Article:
12 miles of hiking • 4250' elevation gain • 1 night
The pronunciation of this peak is questionable, I've read three different variations, "Aches", "Eye" and "Ikes." Mt. Aix is located in the William O. Douglas Wilderness, just outside of Mount Rainier National Park. I'm kind of partial to Aches, as it makes sense with the amount of elevation you gain right from the beginning. The drive out from Portland is stunning, even with the haze of wildfires. I recommend a stop to stretch your legs at the Tipsoo Lake parking area, take a stroll around the lake and gaze up at nearby Natches and Yakima Peaks, before heading to Chinook Pass on your way to Bumping River Road. Eugene, our assistant on the climb and my driver, decided we should take a quick dip into Bumping Lake, since we were camping and had all day to get to the trailhead. It was quite warm, though it was a bit odd for Michigander like me to swim in a tree graveyard.
The trail (#982) starts out gentle (very briefly), before you begin switchbacks in earnest.
Trail was mostly dry, just a couple of small trickling streams early on. Bring plenty of water. There are some great free camping spots right at the trailhead with parking - no signs that a Northwest Forest Pass was needed at this time. The sites were slightly littered with toilet paper in spots, but otherwise suitable. (Pack it out people!) We were advised not to filter water from Copper Creek, (which is a beautiful spot post climb to take a dip or soak your feet in some frigid water.) It was honestly one of those spots best kept in your head, and therefore I didn't take any pictures.
The climb itself was strenuous, and I quickly regretted the 20 mile bike ride I took on Saturday, the dancing at Lovecraft before that, and the Deafheaven/Drab Majesty show I attended Sunday evening. Eugene quickly made me into a teaching moment for Bill, (Eugene was evaluating Bill's provisional climb lead) and I was put on the spot to stay #2 behind Bill since I admitted I was feeling a little burned out. Honestly, I need time to "warm up" and so many climbs start fast paced from the get go, and that just isn't me, I need to work my way into a pace. Part of me knows I need to work on my fitness, but I'm confident while I may not be the fastest, I am strong. I have accomplished a lot this summer and I am grateful for the climb leaders who have allowed me to summit with them. Bill was great, and slowed his pace slightly with conversation, and I stayed right behind him for the remainder of the climb. (Sorry Bill, you were stuck talking to me all day!)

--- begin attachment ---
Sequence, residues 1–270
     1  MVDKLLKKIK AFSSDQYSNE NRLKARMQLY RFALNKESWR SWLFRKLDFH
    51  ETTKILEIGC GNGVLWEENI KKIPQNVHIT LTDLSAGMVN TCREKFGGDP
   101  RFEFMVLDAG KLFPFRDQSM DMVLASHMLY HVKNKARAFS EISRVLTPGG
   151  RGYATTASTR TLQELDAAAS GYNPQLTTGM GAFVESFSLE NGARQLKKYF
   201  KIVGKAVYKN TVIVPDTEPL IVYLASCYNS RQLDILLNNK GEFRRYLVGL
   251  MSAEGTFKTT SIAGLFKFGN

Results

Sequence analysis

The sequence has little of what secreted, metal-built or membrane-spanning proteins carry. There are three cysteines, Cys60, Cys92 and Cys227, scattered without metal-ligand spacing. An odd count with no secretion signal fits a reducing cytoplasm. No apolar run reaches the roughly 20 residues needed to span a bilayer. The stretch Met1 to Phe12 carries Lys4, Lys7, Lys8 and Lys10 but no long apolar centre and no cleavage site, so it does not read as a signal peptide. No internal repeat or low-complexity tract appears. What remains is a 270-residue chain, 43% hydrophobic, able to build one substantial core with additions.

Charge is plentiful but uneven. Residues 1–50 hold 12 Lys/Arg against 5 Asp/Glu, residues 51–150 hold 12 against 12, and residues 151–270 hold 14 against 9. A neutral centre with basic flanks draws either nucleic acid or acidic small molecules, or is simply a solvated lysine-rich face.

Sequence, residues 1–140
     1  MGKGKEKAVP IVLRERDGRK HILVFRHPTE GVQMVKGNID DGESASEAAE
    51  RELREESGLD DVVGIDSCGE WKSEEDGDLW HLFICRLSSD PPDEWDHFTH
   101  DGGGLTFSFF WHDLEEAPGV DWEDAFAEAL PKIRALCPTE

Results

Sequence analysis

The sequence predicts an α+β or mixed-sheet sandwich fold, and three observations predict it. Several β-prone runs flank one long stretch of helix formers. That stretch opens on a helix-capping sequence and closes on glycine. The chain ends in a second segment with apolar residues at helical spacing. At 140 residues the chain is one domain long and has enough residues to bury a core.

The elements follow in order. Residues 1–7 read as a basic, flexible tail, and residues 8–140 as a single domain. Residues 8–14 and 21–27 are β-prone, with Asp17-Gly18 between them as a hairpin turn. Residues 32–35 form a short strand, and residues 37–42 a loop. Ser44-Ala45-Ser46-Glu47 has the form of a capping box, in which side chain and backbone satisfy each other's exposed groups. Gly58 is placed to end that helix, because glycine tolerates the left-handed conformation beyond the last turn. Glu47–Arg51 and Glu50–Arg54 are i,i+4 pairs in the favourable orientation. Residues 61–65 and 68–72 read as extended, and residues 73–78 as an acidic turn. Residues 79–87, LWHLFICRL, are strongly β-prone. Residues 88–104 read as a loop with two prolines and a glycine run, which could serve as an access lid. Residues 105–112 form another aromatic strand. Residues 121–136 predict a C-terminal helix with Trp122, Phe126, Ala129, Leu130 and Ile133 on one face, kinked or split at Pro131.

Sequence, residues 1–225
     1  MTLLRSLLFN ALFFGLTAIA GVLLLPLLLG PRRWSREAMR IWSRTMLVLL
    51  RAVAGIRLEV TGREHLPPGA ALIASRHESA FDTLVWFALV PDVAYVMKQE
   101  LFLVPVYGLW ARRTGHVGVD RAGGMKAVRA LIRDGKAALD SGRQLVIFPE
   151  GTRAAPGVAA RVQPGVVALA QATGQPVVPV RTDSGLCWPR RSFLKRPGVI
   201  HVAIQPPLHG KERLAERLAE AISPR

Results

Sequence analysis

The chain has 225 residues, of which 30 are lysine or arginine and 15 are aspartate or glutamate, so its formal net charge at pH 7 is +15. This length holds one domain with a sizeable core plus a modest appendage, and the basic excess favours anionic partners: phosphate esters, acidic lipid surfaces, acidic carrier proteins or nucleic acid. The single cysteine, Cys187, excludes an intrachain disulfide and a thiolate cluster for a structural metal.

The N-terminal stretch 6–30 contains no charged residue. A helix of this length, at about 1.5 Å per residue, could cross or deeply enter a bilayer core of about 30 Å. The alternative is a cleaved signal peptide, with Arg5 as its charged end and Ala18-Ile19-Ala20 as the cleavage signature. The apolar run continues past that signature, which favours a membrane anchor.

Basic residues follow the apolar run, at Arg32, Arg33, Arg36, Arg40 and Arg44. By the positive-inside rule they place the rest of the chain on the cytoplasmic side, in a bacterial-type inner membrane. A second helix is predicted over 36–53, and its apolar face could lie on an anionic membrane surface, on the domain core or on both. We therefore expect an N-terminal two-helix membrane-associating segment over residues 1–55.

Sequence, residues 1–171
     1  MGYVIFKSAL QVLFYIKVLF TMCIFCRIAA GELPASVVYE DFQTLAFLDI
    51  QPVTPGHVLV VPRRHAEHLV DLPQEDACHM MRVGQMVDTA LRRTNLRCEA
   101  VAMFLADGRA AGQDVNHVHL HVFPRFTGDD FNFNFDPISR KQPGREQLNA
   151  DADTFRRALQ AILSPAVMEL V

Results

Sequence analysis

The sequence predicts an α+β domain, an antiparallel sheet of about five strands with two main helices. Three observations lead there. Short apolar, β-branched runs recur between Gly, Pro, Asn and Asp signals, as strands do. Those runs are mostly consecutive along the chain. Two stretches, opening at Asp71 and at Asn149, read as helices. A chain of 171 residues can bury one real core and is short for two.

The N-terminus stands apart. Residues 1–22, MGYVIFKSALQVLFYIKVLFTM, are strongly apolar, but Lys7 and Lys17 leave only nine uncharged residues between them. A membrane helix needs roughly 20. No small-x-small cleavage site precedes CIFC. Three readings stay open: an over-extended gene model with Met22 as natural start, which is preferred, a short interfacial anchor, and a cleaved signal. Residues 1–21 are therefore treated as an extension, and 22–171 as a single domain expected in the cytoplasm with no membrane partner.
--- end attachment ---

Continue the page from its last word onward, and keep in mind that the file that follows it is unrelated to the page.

The real fun began at the scramble, and this is an area where I felt a little giddy and excited, something about finding my way with my hands and feet through a puzzle of rock makes sense to me, more so than actual vertical climbing. By this time we had our helmets on, and were very near our mission. (Yes, the summit, but #2, Bill's son had lost his cell phone in the rock getting to the summit on his scout the previous weekend.)
Bill, armed with some sort of grabber tool, was able to grab the cell phone wedged between some rocks, and amazingly, after a week in the elements, powered up when plugged in back at the trailhead.
Our views of Mount Rainier were obscured by smoke, but just the top floated above, like a ghostly otherworldly friend, waving at us from beyond. Our summit had a frenzy of flies, they didn't bite us, but it seemed like an odd spot for them to gather. Remnants of an old lookout were found, a pile of nails, some glass, and wire. High fives and smiles were spread around, some political dissent from our Venezuelan climber, and then the descent. My knees barked a bit, and I ached for a post climb beer. We made our way back and I collected my 5th summit card for the summer. The beer would have to wait until 4+ hours later when I reached Portland, and I barely made it through it before my eyes closed for sleep.